Posted by: photographytuition | March 23, 2012

Which is best – zoom or fixed focal length lens?

How does a zoom lens compare against a fixed focal length lens?

It’s more difficult to make a lens that works well at a number of focal lengths than one that just needs to get it right at one focal length – but just how big is the difference?

Nikon 70-300mm f4.5/5.6 VR and Nikon 300mm f4 AF-S compared.

The set-up used for the test.

Both lenses were tested at 300mm – obviously!

The camera, a D7000, was set on a sturdy tripod and the photos taken with the mirror up using a remote release to minimise  camera shake. The VR on the 70-300mm was switched off.

A section of the book was then enlarged.

Nikon 70-300mm f4.5-f5.6 VR at 300MM f5.6.

Nikon 300mm f4 AF-S at f5.6.

Both photos were taken at 5.6 as this is the largest aperture available on the 70-300mm lens at 300mm. These images are straight from the camera – apart from cropping nothing has been altered.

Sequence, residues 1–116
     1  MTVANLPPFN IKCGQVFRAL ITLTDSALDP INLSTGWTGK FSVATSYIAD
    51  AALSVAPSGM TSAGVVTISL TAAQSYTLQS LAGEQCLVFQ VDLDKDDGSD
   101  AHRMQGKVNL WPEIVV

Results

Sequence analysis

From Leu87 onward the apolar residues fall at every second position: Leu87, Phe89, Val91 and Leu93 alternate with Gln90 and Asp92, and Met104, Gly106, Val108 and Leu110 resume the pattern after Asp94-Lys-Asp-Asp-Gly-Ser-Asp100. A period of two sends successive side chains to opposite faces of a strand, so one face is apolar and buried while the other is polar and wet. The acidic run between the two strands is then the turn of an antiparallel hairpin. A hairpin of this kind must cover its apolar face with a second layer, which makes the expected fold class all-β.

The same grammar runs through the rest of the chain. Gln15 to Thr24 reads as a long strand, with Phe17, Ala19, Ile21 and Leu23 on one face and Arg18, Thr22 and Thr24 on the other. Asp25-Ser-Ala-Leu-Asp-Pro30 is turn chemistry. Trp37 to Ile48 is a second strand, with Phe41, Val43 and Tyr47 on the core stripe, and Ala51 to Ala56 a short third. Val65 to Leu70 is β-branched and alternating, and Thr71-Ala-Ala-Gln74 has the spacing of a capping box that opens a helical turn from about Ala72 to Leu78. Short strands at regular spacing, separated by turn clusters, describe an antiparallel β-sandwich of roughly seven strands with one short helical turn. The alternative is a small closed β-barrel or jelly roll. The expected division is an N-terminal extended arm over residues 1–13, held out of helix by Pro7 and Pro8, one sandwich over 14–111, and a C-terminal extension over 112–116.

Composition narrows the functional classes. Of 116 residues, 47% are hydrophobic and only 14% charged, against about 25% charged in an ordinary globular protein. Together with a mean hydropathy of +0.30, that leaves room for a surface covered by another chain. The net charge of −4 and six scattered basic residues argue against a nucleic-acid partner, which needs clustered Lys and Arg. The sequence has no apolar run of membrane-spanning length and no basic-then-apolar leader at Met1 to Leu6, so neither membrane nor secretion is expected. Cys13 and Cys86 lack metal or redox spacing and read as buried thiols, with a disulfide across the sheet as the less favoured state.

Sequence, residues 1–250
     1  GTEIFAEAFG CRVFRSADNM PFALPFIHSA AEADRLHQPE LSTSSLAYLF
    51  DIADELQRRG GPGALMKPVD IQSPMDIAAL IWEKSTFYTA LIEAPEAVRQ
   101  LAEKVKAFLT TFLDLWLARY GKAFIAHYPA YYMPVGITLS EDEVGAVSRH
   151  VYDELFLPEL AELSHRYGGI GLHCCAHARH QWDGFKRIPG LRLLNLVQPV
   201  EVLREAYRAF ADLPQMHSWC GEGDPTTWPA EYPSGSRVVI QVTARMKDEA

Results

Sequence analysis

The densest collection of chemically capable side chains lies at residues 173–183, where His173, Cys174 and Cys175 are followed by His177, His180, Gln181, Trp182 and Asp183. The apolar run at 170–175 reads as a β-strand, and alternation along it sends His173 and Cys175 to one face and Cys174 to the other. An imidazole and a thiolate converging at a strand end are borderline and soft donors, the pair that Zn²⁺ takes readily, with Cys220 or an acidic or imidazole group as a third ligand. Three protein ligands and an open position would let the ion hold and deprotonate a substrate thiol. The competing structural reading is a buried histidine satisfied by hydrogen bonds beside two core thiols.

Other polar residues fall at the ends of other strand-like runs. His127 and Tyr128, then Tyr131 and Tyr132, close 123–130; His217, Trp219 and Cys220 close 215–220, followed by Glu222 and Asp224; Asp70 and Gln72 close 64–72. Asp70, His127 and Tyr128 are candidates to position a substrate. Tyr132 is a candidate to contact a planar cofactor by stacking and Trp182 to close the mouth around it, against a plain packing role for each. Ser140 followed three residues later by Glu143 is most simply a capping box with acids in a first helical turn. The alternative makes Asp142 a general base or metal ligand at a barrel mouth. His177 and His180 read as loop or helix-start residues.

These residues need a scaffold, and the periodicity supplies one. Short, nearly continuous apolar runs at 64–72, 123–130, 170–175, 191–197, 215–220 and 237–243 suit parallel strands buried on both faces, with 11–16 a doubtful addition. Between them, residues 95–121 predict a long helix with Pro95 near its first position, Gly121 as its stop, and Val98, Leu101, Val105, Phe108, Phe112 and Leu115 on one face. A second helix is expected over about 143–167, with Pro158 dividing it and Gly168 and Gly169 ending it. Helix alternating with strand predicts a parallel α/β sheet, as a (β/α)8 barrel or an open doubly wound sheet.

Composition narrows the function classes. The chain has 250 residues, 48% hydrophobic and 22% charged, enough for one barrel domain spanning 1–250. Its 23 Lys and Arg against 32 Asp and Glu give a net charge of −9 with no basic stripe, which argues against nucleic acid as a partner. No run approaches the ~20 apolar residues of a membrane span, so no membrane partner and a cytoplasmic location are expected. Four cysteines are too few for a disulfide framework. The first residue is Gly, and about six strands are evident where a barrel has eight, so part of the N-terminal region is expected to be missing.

Clearly the 300mm f4 wins and it’s interesting to see exactly how much better it is.

The zoom lens performed better at f8 but was still a good way behind the 300mm f4 even at it’s widest open setting of f4.


This isn’t as straight forward as it may seem!

70-300mm = £430

300mm f4  = £950

The 70-300mm is a VR lens – Vibration Reduction – and is roughly half the size and weight of the 300mm f4 and is consequently much easier to hand hold. In the real world, ie not using a tripod, the 300mm f4 is quite hard to hold steady and camera shake is likely to be an issue, evening up the differences in the lenses.

I use both these lenses. The 70-300mm is great for carrying around all day and covers a usefully wide focal length range but for ultimate quality, for example photographing birds from a hide, I take the 300mm f4.

I hope you found this helpful.

If you have any questions please email me: or if you would like to join me on a photography course and try out these lenses for free take a look at my website:


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